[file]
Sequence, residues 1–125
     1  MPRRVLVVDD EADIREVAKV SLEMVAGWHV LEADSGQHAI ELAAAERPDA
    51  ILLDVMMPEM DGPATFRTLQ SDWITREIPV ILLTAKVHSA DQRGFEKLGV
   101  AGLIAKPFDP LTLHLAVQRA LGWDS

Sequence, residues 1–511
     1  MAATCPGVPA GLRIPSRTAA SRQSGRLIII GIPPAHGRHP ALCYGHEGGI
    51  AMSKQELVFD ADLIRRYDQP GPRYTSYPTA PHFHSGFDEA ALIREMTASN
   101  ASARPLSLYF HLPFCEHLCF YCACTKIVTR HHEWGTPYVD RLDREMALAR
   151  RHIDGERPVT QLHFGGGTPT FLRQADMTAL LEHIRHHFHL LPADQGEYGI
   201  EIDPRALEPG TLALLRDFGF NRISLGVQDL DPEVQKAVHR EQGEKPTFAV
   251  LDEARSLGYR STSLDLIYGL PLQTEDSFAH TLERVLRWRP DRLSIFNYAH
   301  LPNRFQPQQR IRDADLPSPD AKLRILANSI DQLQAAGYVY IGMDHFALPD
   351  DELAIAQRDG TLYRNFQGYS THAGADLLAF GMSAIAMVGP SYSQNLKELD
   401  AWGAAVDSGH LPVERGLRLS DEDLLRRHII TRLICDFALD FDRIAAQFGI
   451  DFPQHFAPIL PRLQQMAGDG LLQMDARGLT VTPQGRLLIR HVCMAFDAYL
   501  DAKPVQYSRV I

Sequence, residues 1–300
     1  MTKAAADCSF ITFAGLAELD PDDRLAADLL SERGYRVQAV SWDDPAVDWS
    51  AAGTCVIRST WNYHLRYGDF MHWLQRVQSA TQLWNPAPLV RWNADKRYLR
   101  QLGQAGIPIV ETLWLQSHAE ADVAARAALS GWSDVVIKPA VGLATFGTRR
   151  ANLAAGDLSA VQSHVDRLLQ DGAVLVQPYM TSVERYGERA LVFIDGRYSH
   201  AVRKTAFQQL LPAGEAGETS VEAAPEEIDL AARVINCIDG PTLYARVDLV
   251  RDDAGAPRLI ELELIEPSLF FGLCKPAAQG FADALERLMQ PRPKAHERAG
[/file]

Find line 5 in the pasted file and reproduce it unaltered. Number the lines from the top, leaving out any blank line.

Sequence, residues 1–511